TOMMY Sheridan, the leader of the Scottish Socialist Party, was jailed yesterday for seven days for refusing to pay a fine imposed after his arrest at an anti-Trident protest.
The MSP appeared at Glasgow District Court after presenting himself at Govan police station, where he spent Sunday night in custody.
Sheridan had publicly signalled his intention to withhold payment of a 200 fine imposed last year for breach of the peace, following his arrest at Faslane naval base on the Clyde.
In court, the MSP was cheered and applauded by people waiting in the custody room as his name was read out.
Asked by the magistrate, Robert Hamilton, if he intended to pay his fine and wanted further time to do so, the Glasgow list MSP replied: "I am not. I have no intention of paying."
Sheridan, who was wearing blue jeans, a white T-shirt and a grey tracksuit top, was then led from the dock to begin his sentence.
His father-in-law, Gus Healy, who was sitting in the public gallery, was taken into custody after he raised a clenched fist in a show of solidarity with Sheridan. Mr Healy was later released without charge.
Sheridan, 39, was arrested at Faslane, the home of Britain’s nuclear deterrent, in February 2002.
The SSP leader was fined for breach of the peace at Helensburgh District Court in August last year.
Outside the court, the MSP’s mother, Alice, praised her son, who will be serving his sentence in Barlinnie Prison.
Mrs Sheridan, 65, said: "I have utter contempt for the verdict, and I am very proud of what Tommy has done.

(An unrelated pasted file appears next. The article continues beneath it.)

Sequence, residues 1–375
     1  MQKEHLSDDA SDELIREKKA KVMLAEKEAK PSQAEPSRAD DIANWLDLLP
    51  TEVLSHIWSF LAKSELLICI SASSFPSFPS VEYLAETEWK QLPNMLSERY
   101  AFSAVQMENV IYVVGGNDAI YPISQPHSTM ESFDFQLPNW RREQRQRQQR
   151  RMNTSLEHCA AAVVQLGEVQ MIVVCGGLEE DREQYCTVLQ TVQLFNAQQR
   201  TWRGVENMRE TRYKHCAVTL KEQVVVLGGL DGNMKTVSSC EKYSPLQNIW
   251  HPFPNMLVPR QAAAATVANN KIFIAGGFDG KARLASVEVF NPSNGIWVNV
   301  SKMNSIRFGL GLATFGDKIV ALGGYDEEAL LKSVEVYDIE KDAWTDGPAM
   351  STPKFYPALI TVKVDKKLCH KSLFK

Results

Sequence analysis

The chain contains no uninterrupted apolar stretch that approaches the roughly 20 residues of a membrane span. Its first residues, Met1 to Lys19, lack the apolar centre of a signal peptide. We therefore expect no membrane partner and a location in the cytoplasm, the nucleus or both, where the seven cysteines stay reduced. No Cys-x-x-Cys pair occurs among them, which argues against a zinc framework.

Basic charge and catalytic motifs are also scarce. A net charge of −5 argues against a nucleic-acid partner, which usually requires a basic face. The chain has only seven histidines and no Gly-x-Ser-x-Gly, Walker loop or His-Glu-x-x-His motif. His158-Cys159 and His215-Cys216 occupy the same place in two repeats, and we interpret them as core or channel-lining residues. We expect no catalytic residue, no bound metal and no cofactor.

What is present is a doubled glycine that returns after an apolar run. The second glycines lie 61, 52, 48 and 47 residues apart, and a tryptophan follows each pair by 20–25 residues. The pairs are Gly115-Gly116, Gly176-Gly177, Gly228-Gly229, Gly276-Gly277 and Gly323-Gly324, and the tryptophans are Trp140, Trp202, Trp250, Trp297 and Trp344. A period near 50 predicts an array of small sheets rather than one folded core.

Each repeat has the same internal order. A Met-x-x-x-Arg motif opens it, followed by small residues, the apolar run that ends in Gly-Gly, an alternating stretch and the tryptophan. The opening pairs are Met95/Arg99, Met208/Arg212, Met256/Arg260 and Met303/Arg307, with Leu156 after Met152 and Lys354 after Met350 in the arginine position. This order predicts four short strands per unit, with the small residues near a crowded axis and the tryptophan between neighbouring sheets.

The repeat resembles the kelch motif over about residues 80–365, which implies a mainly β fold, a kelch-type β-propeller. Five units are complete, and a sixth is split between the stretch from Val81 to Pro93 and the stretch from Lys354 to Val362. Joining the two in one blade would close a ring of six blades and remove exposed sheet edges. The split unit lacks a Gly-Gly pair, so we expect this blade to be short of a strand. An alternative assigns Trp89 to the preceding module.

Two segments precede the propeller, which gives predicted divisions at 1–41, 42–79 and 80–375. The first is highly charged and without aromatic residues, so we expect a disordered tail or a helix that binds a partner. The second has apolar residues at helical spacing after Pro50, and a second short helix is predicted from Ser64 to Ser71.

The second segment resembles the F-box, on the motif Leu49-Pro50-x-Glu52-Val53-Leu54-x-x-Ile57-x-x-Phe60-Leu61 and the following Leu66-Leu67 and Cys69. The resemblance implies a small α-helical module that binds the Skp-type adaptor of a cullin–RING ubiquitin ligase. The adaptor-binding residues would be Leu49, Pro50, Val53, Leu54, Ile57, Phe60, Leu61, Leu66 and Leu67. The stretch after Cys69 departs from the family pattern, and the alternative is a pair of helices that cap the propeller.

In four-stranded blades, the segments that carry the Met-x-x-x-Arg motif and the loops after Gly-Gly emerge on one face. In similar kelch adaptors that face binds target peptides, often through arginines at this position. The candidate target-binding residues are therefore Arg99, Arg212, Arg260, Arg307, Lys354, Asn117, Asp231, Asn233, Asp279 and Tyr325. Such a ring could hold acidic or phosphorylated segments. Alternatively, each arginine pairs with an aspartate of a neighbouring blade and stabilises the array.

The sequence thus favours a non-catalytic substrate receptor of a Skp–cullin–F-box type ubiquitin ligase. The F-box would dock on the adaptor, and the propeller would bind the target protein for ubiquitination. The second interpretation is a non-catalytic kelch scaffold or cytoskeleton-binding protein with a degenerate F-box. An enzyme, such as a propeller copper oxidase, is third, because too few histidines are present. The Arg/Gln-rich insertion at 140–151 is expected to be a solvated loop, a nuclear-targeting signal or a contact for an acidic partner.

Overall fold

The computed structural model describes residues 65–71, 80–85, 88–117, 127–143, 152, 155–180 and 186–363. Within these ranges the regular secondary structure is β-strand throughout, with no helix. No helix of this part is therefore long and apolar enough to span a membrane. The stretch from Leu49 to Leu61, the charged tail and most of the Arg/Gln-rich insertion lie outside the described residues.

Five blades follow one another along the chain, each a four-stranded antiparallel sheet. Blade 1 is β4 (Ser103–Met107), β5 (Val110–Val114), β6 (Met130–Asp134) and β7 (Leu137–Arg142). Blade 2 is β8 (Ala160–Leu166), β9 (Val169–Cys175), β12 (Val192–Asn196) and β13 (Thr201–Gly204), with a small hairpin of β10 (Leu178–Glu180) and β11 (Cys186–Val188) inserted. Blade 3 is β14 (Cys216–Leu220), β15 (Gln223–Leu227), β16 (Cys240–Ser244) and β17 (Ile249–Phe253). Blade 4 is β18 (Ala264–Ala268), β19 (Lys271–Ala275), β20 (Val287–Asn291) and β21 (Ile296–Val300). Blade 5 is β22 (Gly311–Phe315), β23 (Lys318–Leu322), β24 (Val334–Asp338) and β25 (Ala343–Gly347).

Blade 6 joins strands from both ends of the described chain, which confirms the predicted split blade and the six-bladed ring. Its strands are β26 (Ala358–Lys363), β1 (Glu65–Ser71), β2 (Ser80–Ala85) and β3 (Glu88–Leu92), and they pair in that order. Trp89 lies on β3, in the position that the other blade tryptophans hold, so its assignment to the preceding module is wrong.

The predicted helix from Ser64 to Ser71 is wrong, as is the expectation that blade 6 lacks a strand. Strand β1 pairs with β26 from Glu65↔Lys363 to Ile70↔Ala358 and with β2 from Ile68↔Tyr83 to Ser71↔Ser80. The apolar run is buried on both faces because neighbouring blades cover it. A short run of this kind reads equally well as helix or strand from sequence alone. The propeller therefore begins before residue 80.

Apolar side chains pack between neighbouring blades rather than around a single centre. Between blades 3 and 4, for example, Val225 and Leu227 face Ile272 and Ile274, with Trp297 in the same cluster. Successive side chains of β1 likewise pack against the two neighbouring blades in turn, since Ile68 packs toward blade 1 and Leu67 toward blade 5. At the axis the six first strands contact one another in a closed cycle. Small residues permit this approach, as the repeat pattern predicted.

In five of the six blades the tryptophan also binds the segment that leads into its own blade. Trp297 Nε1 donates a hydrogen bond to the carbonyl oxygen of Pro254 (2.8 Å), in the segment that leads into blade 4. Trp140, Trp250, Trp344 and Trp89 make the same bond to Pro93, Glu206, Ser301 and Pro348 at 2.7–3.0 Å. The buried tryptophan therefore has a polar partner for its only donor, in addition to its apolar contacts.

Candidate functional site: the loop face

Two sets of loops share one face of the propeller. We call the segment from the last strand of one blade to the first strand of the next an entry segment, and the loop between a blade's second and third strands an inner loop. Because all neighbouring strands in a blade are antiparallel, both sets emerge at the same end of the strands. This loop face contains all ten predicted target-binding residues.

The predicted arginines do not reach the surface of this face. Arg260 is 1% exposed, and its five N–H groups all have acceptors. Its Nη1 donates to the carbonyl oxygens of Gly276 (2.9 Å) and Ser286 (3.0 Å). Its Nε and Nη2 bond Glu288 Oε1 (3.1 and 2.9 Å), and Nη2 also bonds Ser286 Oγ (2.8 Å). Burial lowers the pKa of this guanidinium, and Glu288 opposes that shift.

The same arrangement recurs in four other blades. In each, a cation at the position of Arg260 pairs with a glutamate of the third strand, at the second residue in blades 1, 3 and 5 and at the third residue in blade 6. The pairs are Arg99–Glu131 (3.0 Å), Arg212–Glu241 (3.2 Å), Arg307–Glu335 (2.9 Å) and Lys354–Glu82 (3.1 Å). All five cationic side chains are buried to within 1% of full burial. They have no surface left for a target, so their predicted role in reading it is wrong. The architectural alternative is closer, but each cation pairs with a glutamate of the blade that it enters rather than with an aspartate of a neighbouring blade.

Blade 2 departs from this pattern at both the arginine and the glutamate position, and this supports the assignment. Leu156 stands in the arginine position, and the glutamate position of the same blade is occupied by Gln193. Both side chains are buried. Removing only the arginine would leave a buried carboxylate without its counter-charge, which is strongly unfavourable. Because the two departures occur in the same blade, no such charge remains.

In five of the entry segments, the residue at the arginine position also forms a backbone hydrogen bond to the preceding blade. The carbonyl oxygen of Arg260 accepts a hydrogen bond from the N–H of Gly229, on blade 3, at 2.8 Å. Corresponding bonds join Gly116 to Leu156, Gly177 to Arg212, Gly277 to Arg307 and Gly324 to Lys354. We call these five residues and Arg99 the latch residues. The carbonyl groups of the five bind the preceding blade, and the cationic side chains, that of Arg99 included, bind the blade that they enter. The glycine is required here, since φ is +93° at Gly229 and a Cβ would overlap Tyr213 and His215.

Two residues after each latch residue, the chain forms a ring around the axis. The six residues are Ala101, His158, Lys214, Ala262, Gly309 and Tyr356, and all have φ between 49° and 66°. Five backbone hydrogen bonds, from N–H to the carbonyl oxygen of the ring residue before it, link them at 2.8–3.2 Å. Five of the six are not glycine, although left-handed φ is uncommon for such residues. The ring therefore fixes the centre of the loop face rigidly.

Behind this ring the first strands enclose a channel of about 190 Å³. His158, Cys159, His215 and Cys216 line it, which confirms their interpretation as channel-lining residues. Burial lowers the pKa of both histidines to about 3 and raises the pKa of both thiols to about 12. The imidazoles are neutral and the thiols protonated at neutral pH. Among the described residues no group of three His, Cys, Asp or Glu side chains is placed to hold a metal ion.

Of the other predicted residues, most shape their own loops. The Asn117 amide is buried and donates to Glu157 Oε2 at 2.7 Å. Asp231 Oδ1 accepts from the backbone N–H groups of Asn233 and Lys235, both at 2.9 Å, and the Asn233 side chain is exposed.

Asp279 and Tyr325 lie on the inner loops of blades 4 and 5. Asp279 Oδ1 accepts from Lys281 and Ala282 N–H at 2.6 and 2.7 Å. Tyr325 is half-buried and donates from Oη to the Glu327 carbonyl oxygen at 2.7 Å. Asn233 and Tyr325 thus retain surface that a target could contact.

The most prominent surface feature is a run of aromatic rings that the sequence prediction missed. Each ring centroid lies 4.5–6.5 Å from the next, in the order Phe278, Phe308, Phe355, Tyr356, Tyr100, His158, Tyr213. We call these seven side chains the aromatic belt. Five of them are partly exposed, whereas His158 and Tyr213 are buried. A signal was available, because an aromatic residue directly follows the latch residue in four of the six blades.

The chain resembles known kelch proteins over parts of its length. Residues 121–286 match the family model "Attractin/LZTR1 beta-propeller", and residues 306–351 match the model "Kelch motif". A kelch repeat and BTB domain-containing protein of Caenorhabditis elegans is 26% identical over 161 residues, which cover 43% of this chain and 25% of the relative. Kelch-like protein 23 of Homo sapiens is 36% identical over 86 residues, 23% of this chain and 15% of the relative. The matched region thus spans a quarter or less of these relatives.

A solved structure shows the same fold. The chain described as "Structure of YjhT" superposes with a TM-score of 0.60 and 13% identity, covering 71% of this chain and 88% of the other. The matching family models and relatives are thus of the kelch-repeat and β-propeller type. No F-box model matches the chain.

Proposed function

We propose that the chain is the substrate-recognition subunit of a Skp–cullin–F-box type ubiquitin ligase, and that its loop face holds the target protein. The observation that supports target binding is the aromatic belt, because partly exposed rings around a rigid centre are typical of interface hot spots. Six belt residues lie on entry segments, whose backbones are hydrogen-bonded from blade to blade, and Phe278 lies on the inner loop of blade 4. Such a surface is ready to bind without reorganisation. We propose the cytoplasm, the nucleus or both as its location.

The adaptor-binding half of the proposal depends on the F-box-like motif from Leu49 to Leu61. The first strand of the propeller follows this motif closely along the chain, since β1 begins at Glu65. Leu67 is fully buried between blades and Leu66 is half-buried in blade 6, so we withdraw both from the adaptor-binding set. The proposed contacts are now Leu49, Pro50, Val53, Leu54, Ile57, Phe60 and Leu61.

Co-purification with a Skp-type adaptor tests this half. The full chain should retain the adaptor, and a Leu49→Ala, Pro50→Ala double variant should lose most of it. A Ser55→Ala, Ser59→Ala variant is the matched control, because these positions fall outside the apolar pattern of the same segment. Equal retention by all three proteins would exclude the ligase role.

"What enrages me is that people like Tommy are campaigning for peace and the individuals who make these weapons of mass destruction are rolling in money.
"It costs 5,000 million a year to keep Trident going. Imagine how many hospitals, houses and homes for the elderly we could build with that money."
Before handing himself in to police on Sunday, Sheridan told reporters: "Nuclear weapons are a crime against humanity and should be removed from the Clyde and from Britain.
"It is the duty of all peace protesters to make a stand against nuclear weapons.
"Politicians in particular should be at the forefront of the nuclear disarmament campaign."
However, Bill Aitken, the Scottish Conservative chief whip, criticised Sheridan for wasting taxpayers’ money.
"Scotland’s police and our criminal justice system are trying hard to cope with the rising tide of violent crime," Mr Aitken said.
"So the ego-tripping antics of Tommy Sheridan, that waste valuable time and resources, are an affront to all honest citizens and an abuse of our police and courts."
In December 2000, Sheridan was sentenced to 14 days in prison for failing to pay a 250 fine following an anti-Trident demonstration.
And as one of the leaders of the anti-poll tax demonstrations, he also spent four months at Saughton Prison, Edinburgh, in 1992 for breaching a court order by attending an anti- warrant sales protest.
Sheridan earns 49,315 as an MSP, but donates half of his wages to his party.
Dr John Marek, a Welsh Assembly member, has offered his support to Sheridan.
The independent representative for Wrexham is planning to launch a Welsh sister party to the SSP, and earlier this month invited Sheridan to Wales to speak at a meeting.
Dr Marek said: "I have the utmost respect for Tommy Sheridan. He has put his principles behind his rhetoric.
"We delude ourselves into thinking that we are more secure having nuclear weapons, but they should be scrapped and the billions of pounds used for improving our health and education services instead."